• steven75

        It’s different because in the US, the option to bring your own device and get a $20/mo contract does not exist.

        With the exception of T-Mobile, the major carriers charge the exact same amount for a plan whether you brought your own device or signed a 2-year contract for a subsidized device. In my opinion it should be illegal to charge non-subsidized users at the same rate, but so far that is the state of the market.

      • obarthelemy

        OK. That biases the US market towards high-end smartphones (a point I’ve been arguing over the past few months). I don’t see how it boosts overall smartphone adoption though ?

        Are dumbphone plans with only voice + texts (no data) no longer available or horrendously expensive too ? In France it’s 2€ (about $3) per month for 2 hours of national voice (incoming calls are *not* taken off those 2hrs) and unlimited texts.

      • Mark Jones

        There’s likely some high-end bias because unsubsidized devices ranging from $100 to $600 are squeezed into a subsidized price range between $0 and $200 in the US. So you get a $400 discount on the high-end, while only $100 discount on the low-end, while still paying the same for the data plan.

        Smartphone adoption is also biased because you can get a dumbphone or smartphone at the same upfront price of free. In some cases you even need to pay $20-$50 for the dumb phone. And people don’t pay enough attention to the difference in ongoing data plan costs.

      • Tatil_S

        Dumnphone market is pretty much left to MVNOs, major carriers don’t bother advertising for such customers.

      • Chaka10

        “In my opinion it should be illegal to charge non-subsidized users at the same rate” I offer a different perspective of that in a long post elsewhere in this thread.

      • Mark Jones

        see my response to Will below. The US experienced a spurt in smartphone growth due to the large increase in operator smartphone subsidies beginning in 2008, that drove the top-end device cost down to $199, and the low-end device cost to free. Compare with pre-2008 in the US, not with the EU.

  • David V.

    I’m curious how similar Japan+S.Korea+Australia adoption is.

  • Chaka10

    Horace, do you intend a subtle message by labeling your chart with “iPhone 5C Launch”, instead of “iPhone 5s Launch”? Does that imply you abide by the view that the 5C is the “mainstream” new iPhone for this launch season (as in the phone Apple expects to sell the most)?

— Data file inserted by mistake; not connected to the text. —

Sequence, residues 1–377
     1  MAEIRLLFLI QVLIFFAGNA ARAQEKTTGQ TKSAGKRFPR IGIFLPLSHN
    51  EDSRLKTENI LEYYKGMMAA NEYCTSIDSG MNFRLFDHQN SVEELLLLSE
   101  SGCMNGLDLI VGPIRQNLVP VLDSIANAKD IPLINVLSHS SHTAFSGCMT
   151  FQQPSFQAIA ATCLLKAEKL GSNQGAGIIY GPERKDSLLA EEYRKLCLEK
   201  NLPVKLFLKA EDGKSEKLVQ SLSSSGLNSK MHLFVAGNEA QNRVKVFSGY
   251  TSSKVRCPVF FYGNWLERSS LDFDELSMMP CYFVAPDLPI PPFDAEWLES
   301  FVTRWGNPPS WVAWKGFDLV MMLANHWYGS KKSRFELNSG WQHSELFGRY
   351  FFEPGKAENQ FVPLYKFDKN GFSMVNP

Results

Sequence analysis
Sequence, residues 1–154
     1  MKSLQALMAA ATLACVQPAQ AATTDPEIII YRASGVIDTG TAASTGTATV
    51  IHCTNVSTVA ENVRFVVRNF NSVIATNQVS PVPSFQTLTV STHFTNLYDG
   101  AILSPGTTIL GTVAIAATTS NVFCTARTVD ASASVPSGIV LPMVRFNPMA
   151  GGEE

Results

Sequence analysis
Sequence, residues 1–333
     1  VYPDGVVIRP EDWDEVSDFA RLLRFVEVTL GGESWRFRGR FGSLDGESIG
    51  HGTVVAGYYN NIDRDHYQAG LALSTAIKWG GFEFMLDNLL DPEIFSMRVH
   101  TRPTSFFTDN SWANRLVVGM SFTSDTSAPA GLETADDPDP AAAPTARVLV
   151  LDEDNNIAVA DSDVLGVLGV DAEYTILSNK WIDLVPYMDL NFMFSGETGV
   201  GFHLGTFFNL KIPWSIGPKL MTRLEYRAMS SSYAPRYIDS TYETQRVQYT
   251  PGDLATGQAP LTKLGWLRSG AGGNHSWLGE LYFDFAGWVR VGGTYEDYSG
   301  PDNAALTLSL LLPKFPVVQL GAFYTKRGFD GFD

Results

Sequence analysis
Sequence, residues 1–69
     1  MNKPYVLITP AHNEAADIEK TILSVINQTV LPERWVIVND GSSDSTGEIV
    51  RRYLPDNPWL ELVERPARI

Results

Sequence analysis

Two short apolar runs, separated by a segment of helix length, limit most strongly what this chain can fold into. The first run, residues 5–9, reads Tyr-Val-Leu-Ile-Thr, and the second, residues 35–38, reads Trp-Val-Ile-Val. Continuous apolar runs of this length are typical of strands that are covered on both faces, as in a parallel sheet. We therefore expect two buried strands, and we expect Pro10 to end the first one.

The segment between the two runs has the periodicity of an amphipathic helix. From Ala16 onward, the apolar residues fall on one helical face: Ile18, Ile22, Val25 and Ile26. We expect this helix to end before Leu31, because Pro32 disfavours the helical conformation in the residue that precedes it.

• http://www.asymco.com Horace Dediu

      One hypothesis is that timing of the new C variant launch was in function of this adoption curve.

      • Chaka10

        I see. That hypothesis still takes the 5C as a move “down-market” (maybe not much, but still in that direction). An alternative hypothesis is that the 5C is a continuation of the Apple strategy to address the same lower price points as it has in prior years with a price reduction on (essentially) last year(s) model(s) — same strategy but “even better”, with a largely cosmetic refresh that not only lowers production costs, but also enhances distinction from the 5s and creates a new look for (essentially) last year’s model.

      • http://www.asymco.com Horace Dediu

        Had the “C” line extension launched last year it would have been exactly in the midpoint (inflection point) of the curve for the US/EU5. It might be that the one year delay was in anticipation of other markets to reach the early/late transition point. Apple has the data to model this on a country-by country basis.

      • Tatil_S

        If the idea is to differentiate the high and low end models, it would make more sense to change the looks of the high end model and leave the older one the same (or change them both). If 5c benefits from a fresh look, imagine how much a 5s could benefit from an exterior refresh in addition to its internals (and a 32GB min storage, but I digress.)

  • jameskatt

    This is why Apple created gold and other colorful iPhones: for the Asian markets.

  • mjw149

    I think the curve is already flattening.

    Phones, esp. feature phones, last a long time, clearly the mainstream carriers haven’t been offering them in some time. The other carriers that cater to the very low end or elderly won’t be updating their product mix because the feature phones have their own USP in those markets.

    People will be replacing batteries on old phones for a long time, and then all those cheap Galaxies (hundreds of millions!) have replaceable batteries.

    So while smartphone penetration will obviously increase, the market is already closing.

    But the curve that you drew ignores the flattening around 65%ish (check your earlier post where it isn’t smoothed). You’re matching the curve to your expectations, it’s far too aggressive, this isn’t a pure tech-based or price-based curve, it’s a behavioral curve.

    And we can call the Mobile Wild West closed now. Services will be the main activity, as the mobile services market takes over the PC and home entertainment space.

    • charly

      Amazon is Android. My guess is any slightly must have Android app will be in their store and if not Amazon could also make a “mistake” with their first generation that allows easy sideloading

      • obarthelemy

        Actually, that’s a good question: is Android the OS, or the PlayStore ecosystem ? I’ve never seen anything on Amazon’s ecosystem (ARPU…)

        As for “mistakes” that allow rooting, sideloading, custom ROMs or simply loading the Google Apps (gapps: playstore, gmail, maps, Now…), I always wondered if those were on purpose or not. Since Amazon want to make their money off apps and content, I’m guessing not ?

      • charly

        There are legal issues with using Google Android apps on not-Android phones. But i don’t think that problem is real with their near monopoly in smartphones.